The choice between Visual Studio Code and Visual Studio isn’t as simple as it seems. Seemingly, all you have to choose is between a lightweight editor and a heavyweight IDE. However, it heavily depends on the type of work you want to do and what are your project requirements. Visual Studio Code offers great configuration flexibility, while Visual Studio offers more robust functionality. Both your work style and the language support and features you need may play a role in your selection. Let’s compare these two tools in terms of their capabilities and tradeoffs.
Visual Studio is an IDE that contains all the features you need for project development. It can be used for things like code auto-completion, debuggers, database integration, server setup, and configurations.
It is a comprehensive solution primarily used by and for .NET developers. All kinds of tools are included, from source control to bug tracking to deployment tools, etc. Everything needed for development is included.
It is commonly used on .NET-related projects but can also be used for other projects. The community version is free, but to make full use of it, you need to pay.
Visual Studio is aimed at being the most powerful IDE (integrated development environment) in the world and provides full-stack development tools, including code completion, a debugger that can debug source code as well as machine code ASP.NET development, and even SQL development.
It’s now possible to create cross-platform applications straight from Visual Studio without leaving the IDE. Depending on the components you select, Visual Studio takes up to 8 GB of disk space.
The Visual Studio development environment is quite heavy, and it’s an ultimate development environment. Since you know Visual Studio is an integrated development environment, you might wonder what an integrated development environment is. Let’s dig in and learn more about IDE’s to get a better understanding of Visual Studio.
An integrated development environment is a collection of tools that you need to write and test software. Many tools are used by web developers during the development cycle, including text editors, code libraries, compilers, and test platforms. If these tools all had to be selected, implemented, integrated and managed separately, that would be even more difficult. The process is time-consuming, tedious, and downright frustrating.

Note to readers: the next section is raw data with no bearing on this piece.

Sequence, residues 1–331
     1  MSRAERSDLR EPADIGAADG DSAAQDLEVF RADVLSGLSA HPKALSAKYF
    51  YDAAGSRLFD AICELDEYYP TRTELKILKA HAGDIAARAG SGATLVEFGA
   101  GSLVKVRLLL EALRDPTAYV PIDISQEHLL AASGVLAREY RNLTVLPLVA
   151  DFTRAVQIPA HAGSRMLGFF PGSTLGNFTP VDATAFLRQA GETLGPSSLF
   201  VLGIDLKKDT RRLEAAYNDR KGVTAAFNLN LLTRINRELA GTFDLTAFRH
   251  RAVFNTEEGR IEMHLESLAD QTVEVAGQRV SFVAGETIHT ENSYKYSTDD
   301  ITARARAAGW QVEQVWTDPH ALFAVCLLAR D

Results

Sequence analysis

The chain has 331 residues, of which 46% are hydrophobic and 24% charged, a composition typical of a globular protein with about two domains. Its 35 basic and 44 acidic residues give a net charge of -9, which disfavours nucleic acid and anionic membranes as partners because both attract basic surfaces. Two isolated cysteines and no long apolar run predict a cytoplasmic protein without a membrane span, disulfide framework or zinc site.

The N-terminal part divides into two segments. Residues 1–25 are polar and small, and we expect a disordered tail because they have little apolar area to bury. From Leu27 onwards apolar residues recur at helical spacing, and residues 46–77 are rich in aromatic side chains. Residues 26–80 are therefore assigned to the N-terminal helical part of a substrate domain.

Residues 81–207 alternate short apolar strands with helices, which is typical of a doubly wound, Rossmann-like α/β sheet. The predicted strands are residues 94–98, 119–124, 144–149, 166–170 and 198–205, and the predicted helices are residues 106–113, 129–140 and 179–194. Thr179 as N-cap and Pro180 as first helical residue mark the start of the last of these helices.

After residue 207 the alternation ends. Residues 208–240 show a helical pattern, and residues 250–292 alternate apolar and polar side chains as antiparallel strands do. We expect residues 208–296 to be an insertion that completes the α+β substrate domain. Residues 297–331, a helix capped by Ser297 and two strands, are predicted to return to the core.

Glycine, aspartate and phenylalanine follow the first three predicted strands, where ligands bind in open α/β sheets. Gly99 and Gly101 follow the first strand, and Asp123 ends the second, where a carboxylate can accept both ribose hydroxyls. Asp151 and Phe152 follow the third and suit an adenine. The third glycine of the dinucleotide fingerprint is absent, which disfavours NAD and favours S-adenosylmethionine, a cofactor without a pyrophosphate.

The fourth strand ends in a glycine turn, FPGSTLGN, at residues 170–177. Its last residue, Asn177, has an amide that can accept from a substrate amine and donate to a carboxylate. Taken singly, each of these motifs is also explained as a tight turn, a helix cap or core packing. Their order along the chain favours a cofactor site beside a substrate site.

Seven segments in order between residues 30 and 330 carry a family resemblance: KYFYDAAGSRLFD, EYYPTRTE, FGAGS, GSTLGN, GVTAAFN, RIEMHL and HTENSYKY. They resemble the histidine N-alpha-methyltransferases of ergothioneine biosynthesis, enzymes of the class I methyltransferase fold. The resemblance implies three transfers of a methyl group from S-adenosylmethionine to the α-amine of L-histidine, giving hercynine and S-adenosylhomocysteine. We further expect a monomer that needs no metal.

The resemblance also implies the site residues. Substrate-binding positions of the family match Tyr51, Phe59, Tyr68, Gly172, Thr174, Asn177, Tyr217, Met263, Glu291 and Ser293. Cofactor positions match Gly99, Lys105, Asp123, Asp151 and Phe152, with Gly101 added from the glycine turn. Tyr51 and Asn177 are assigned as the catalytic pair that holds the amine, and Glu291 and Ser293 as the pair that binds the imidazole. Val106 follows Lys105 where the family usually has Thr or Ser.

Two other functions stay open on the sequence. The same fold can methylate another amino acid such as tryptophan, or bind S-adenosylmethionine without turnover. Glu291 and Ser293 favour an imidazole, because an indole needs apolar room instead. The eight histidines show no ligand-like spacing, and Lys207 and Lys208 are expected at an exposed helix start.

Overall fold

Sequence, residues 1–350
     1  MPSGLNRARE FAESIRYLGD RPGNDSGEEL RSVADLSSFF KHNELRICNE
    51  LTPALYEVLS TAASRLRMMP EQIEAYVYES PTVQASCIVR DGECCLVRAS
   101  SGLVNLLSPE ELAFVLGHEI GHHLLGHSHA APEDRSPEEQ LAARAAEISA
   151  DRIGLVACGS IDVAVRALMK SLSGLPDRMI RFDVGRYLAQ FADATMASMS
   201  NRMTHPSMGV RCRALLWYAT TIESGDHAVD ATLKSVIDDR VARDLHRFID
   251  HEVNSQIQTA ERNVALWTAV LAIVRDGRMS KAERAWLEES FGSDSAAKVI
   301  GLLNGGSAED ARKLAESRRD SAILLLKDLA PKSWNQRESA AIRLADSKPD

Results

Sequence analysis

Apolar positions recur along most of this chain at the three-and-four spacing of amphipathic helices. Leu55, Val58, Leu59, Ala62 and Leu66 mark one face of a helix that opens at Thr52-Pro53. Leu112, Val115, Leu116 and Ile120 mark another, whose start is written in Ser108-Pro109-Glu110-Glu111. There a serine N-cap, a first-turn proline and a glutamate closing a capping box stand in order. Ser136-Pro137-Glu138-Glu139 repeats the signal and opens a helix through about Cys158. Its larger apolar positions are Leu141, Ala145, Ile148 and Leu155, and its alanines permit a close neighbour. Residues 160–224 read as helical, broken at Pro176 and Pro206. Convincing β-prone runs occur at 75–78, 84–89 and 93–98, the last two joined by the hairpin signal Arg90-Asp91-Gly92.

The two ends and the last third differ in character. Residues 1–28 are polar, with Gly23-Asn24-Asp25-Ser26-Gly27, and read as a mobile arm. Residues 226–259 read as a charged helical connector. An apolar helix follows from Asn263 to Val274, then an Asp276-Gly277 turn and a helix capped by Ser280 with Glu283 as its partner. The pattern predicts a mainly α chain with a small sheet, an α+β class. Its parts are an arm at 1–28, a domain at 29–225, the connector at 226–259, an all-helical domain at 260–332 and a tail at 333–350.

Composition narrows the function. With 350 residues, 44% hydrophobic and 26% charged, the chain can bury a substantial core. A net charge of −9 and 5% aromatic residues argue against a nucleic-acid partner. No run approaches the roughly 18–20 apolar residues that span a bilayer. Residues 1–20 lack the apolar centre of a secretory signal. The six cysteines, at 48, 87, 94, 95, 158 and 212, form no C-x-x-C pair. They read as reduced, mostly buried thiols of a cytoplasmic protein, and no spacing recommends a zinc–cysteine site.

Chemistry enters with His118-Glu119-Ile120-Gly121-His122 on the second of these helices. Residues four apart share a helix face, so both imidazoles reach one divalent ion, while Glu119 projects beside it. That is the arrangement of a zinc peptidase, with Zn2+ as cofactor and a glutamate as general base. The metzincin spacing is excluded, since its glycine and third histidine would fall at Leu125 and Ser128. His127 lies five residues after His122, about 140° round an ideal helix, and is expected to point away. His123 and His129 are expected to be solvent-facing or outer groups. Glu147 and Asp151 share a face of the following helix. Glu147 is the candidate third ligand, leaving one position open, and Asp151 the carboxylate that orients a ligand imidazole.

These IDEs provide a number of development tools in one framework, application, or service. This simplifies coding, finding, and removing errors and bugs.
You can download an IDE for free or buy one for a price. Also, it can serve as a standalone application or a part of a comprehensive package.
Visual is an integrated environment created by Microsoft, and it incorporates Microsoft software development platforms including Windows API, Windows Presentation Foundation, Windows Forms, Windows Store, and Microsoft Silverlight. In addition, Visual Studio offers the following features:
Using IntelliSense, Visual Studio has gone beyond simple auto-completion and syntax highlighting. Using variable types, imported modules, and function definitions, the system performs intelligent completion of code.
You can inject code into an app and use breakpoints to debug it. You can also call stacks and an interactive console.
Besides the Git feature, the Visual Studio editor lets you push and pull from any hosted SCM service. Apart from this, you can call stacks and an interactive console.
Install extensions to add more features, which will run in separate processes, making sure your editor doesn’t get slowed down. Additional languages, themes, debuggers, and services can also be added.
With Microsoft Azure, you can deploy your site developed in any of several programming languages right from the Visual Studio code environment.
Visual Studio Code is commonly known as lightweight and quick among developers and web development services. Besides this, IntelliSense code completion is available for variables, methods, and imported modules; graphical debugging. It also offers linting, multi-cursor editing, parameter hints, and other powerful editing features. Developers can use snazzy code navigation and refactoring and built-in source code control, including Git support. These features are heavily influenced by Visual Studio technology.